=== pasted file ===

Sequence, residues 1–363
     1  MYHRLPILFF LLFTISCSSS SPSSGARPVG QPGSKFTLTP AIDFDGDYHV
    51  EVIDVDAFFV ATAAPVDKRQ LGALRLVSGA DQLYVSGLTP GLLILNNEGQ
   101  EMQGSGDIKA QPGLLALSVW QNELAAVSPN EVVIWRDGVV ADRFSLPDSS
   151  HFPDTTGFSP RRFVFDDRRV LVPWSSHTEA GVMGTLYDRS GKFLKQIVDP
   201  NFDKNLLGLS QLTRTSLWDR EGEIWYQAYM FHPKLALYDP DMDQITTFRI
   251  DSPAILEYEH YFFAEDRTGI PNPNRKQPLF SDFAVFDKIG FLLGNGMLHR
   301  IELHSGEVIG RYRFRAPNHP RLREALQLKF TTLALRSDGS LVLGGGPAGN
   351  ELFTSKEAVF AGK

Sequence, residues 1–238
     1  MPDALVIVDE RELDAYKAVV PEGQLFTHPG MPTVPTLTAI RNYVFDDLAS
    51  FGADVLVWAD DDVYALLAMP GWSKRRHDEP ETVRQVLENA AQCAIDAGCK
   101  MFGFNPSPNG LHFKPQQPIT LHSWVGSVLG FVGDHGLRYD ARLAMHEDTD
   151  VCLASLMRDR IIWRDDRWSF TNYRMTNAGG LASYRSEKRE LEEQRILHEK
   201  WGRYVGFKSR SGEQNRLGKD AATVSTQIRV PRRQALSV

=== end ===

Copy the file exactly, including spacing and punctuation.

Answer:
Sequence, residues 1–363
     1  MYHRLPILFF LLFTISCSSS SPSSGARPVG QPGSKFTLTP AIDFDGDYHV
    51  EVIDVDAFFV ATAAPVDKRQ LGALRLVSGA DQLYVSGLTP GLLILNNEGQ
   101  EMQGSGDIKA QPGLLALSVW QNELAAVSPN EVVIWRDGVV ADRFSLPDSS
   151  HFPDTTGFSP RRFVFDDRRV LVPWSSHTEA GVMGTLYDRS GKFLKQIVDP
   201  NFDKNLLGLS QLTRTSLWDR EGEIWYQAYM FHPKLALYDP DMDQITTFRI
   251  DSPAILEYEH YFFAEDRTGI PNPNRKQPLF SDFAVFDKIG FLLGNGMLHR
   301  IELHSGEVIG RYRFRAPNHP RLREALQLKF TTLALRSDGS LVLGGGPAGN
   351  ELFTSKEAVF AGK

Sequence, residues 1–238
     1  MPDALVIVDE RELDAYKAVV PEGQLFTHPG MPTVPTLTAI RNYVFDDLAS
    51  FGADVLVWAD DDVYALLAMP GWSKRRHDEP ETVRQVLENA AQCAIDAGCK
   101  MFGFNPSPNG LHFKPQQPIT LHSWVGSVLG FVGDHGLRYD ARLAMHEDTD
   151  VCLASLMRDR IIWRDDRWSF TNYRMTNAGG LASYRSEKRE LEEQRILHEK
   201  WGRYVGFKSR SGEQNRLGKD AATVSTQIRV PRRQALSV